The one ingredient named the allergen of the year
Methylisothiazolinone or MI is of particular concern for causing an increasing number of cases of allergic contact dermatitis. It is a preservative used since early 2000’s that’s lurking in your sunscreen (disposable baby wipes, shampoos, conditioners, body washes, moisturisers, and deodorants).
The American Contact Dermatitis Society named MI its “allergen of the year” in 2013. This year, Environmental Working Group has found MI listed on the labels of 66 sunscreens and 39 SPF-rated daily moisturizers. MI is used alone or in mixtures with a related chemical preservative called Methylchloroisothiazolinone, or MCI.
That fact that MI has become relatively common in sunscreen is a matter of concern because sunscreen users are likely to be exposed to significant concentrations of this chemical. The products that contain MI are intended to be applied to large portions of the body and to be reapplied often.
In March 2015, the European Scientific Committee on Consumer Safety concluded that no concentration of MI could be considered safe in leave-on cosmetic products (EU SCCS 2014). Enough said!
Keep in mind there are more ingredients that are in sunscreens and sunblocks, these are just a start! We’ve made a list of them at the end of this article if you’re interested to know more about them.
What can you do? Read the labels & banish toxic Sunscreens for good
Firstly, there are two basic types of sunscreens you need to consider:
- non-mineral – ones which absorb and deflect (or reflect) the sun’s rays via a chemical reaction
- mineral – one’s that block harmful sun rays— using zinc oxide and titanium dioxide, which create a physical barrier against the sun’s rays.
And there are some sunscreens, which are a combination of both non-mineral and mineral.
Non-mineral sunscreens penetrate the skin, are potentially disruptive to hormones, are allergenic, can release free radicals when they break down. Oxybenzone is the most common ingredient found in these sunscreens,, However, remember to look for the other ingredients in your sunscreen and beauty products, using our detailed glossary below.
Mineral sunscreens are ones containing zinc oxide or titanium dioxide. The classic white strips we associate with our lifesavers and cricketers in our part of the world. These are the only physical sunscreens that actually do not breakdown in sunlight, are not usually absorbed (so do not disrupt the body’s hormones). In addition, they are not allergenic and are more effective at blocking UVA and UVB rays of the sun.
These sunscreens are a good choice for children and according to EWG have the best safety profiles.
However, be mindful, that the market has been flooded in recent years with a lot of nano-zinc oxide sunscreens. We are only now just understanding that these nanomaterials can enter your bloodstream, plus like micro beads, they are harming our marine life and entering the food chain.
The Therapeutic Goods Association of Australia (TGA) has this policy on nanoparticle ingredients. “The labeling of therapeutic sunscreens is not required to declare the particle sizes of ingredients. Nanoparticulate titanium dioxide and zinc oxide are commonly used in sunscreens. The labels of therapeutic sunscreens are not required to declare the particle sizes of ingredients” (see note 6).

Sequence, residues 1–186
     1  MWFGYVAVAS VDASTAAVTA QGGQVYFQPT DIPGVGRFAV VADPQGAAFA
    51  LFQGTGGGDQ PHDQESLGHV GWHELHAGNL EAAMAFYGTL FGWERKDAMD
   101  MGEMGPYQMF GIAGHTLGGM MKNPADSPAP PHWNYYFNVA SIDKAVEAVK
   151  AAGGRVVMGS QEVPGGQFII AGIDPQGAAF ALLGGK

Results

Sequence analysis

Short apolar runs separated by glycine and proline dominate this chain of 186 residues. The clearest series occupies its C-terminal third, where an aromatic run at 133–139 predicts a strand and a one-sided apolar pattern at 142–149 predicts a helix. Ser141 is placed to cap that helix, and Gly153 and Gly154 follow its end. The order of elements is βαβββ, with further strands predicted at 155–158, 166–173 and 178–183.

Picture: The Cathedral Cove, The Coromandel, New Zealand @iamtheflyingkiwi
Above all, look at your ingredients list and ditch anything with nano-zinc in it, and mirco beads (shower gels, toothpaste, facial scrubs) while you’re at it. As a result, you are helping save yourself and our beautiful oceans and sea life.
Top tips for summer time protection
Here are the tips we use to protect ourselves and our little one’s naturally from the sun:
- We all know this one but look for a shady spot as often as you can, particularly on the beach. (Maybe even carry an umbrella with you.)
- Wear loose fitting long-sleeved natural clothes like cotton or bamboo, which will allow the skin to breathe and not irritate the skin.
- Drink plenty of water and eat plenty of foods with high antioxidants content to help protect your skin this summer.
- Use a natural PABA free sunscreen. Look for zinc oxide or titanium dioxide as the active ingredient when choosing a sunscreen. Our friends over at Nourished Life have put together a selection of the best natural, organic sunscreens on the market. Which will help you decide what type of sun protection will best suit your family.
- If your child has sensitive skin, use a sunscreen that is PABA-free, fragrance free, and hypoallergenic. A physical sunscreen, with either Zinc Oxide and/or Titanium Dioxide, is a good choice, instead of a sunscreen with chemical ingredients.
- If you do get sunburnt, use a good after sun cream. Our Body Lotion and Hand Cream is also a good options for after the sun.
Moral of the Story?
There is legitimate concern regarding sunscreens causing irritation for children & adults who suffer from itchy, sensitive skin. Avoid the ingredients listed in this article, and read our detailed glossary (below) of all the toxic ingredients to avoid. It’s not worth the risk, the sun is harmful enough, the last thing you need is nasty toxins playing havoc with your skin and body.
Most importantly, ‘Slip, Slop, Slap’ and enjoy Summer. :-)
** And a little update from us at Manuka Biotic HQ – we are busy working on a toxic free sunscreen made using natural ingredients. It is a tough job trying to make a decent sunscreen that works and meets our standards. But we will keep at it. **